I second Bob's endorsement of Nedit- we use it here, and I found it very
easy to get up and running. It will also do syntax highlighting of SAS
programs, which I really appreciate. Nedit can be downloaded from
Hope this helps,
Pfizer Global Research & Development, Ann Arbor
E-mail address: Nancy.Brucken@pfizer.com
From: Bob Burnham [mailto:robert.a.burnham@DARTMOUTH.EDU]
Sent: Tuesday, August 07, 2001 9:46 AM
Subject: Re: Editors for UNIX
>>>>> "Colin" == Holmes, Colin <holmesc32@ANZ.COM> writes:
Colin> Hi Listers, could anyone suggest a good "cheap" editor to
Colin> use for UNIX running on a HP box ?
As a regular user of both vi and emacs, I've grown a thick skin to
folks that make a sport of running them down and scaring new users.
For my two cents, I believe that both of these editors have a lot to
recommend in them and that any time that you spend learning them
will be repaid a hundred times over during the course of your
career. Learning either editor (and hopefully a little of both)
will help you to master the Unix environment and greatly increase
Granted, getting adjusted to vi for the first time is tough and even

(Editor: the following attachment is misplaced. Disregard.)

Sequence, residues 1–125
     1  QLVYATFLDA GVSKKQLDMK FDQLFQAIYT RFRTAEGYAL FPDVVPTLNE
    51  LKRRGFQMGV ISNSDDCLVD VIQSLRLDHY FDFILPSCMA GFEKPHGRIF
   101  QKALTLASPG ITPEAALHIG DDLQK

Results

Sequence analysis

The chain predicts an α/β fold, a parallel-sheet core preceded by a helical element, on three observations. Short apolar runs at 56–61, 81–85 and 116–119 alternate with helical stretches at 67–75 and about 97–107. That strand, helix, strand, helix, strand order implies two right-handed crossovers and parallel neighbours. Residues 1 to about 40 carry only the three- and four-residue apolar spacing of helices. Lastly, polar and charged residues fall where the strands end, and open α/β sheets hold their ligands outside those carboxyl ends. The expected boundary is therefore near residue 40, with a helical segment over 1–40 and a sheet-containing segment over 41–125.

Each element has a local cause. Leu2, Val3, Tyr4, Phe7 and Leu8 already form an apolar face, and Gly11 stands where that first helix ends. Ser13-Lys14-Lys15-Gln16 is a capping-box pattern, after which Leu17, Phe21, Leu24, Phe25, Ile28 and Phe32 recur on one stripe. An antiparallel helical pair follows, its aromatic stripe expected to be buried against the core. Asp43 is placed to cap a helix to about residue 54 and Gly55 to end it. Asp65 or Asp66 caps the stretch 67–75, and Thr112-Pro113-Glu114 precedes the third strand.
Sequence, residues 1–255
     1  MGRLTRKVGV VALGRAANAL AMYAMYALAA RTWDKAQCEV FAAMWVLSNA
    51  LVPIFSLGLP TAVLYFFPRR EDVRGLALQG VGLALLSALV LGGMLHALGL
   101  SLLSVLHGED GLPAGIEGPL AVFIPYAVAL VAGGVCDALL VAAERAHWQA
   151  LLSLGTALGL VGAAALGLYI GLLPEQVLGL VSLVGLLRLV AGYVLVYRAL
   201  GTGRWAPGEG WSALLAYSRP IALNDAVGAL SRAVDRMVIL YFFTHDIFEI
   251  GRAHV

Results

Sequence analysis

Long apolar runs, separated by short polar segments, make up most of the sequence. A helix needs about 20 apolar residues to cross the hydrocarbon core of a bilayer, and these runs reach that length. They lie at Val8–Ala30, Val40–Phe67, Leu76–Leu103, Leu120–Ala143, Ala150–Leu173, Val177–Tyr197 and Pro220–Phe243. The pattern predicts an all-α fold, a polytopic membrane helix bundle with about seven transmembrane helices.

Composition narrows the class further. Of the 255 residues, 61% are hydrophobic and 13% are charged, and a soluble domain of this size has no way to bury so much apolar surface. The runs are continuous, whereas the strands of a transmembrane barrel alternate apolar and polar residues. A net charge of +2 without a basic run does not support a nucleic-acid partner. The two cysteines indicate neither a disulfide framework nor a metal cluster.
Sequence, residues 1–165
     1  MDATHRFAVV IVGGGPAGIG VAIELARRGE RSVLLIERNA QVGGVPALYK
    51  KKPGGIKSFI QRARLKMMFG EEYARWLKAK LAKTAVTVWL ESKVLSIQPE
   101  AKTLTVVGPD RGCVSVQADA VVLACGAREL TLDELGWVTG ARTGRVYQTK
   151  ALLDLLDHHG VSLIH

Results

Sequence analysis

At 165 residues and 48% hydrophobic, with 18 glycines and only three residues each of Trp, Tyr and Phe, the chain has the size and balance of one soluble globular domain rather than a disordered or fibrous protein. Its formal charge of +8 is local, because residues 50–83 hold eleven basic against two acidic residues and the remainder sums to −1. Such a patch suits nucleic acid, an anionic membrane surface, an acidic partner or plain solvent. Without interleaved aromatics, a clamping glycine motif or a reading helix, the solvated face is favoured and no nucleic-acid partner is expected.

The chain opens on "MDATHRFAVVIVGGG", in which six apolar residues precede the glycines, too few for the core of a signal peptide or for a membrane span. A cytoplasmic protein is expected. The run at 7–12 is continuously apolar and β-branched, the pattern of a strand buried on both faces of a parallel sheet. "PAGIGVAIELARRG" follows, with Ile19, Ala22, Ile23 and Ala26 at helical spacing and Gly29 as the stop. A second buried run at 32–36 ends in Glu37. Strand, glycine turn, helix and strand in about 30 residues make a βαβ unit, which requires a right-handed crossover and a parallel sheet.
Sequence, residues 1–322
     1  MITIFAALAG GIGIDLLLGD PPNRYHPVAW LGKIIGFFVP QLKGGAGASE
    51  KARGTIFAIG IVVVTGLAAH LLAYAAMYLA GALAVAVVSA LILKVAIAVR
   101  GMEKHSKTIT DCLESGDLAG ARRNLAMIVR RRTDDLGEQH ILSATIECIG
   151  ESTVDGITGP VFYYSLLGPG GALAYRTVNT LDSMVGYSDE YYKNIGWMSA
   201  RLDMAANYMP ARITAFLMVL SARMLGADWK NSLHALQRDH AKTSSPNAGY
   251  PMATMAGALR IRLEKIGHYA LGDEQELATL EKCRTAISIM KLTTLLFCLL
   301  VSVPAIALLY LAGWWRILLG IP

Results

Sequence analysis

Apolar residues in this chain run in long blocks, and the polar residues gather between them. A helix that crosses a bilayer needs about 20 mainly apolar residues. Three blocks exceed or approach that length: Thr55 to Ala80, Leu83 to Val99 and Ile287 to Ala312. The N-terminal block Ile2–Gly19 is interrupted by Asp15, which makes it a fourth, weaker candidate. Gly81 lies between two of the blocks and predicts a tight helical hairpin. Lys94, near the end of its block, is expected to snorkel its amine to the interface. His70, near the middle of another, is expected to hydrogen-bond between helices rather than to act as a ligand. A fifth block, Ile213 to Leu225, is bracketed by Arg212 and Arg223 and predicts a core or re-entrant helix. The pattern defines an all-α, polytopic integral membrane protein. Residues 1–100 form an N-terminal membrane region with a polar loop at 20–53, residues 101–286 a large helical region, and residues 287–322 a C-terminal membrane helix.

scanning a short card of emacs commands and keybindings can be
daunting. A lot of powerful tools (SAS for example) take a
considerable amount of work to learn -- but provide a lot of power in
return. Each editor has separate strengths: vi is small, lightning
fast and omnipresent; emacs is the "extensible, customizable,
self-documenting, real-time display editor" that can do just about
anything with text (including post this message).
Suggestion -- try emacs first, in particular look at cua mode:
For many people, it is learning the initial key bindings that are
the hardest (and most frustrating) part of learning emacs. Cua-mode
allows you to start off using many of the Windows (or Mac) commands
that you may already be familiar with, like C-c for Copy and C-v for
Paste. You should also know that emacs has a built in tutorial for
new users, great support on Usenet, and a very active community of
people working on new packages.
Cost? They are both free, and Free.
As another option -- I'll throw out NEdit, it is another free editor
that has an inteface that might be very familiar and quick to learn.
This is just my opinion -- and of course there is no shortage of
opinions when it comes to a choice of editors, particularly in the
Unix community. Speaking of which, I miss the old Norton Editor
from a long time ago -- that was kind of fun too. . .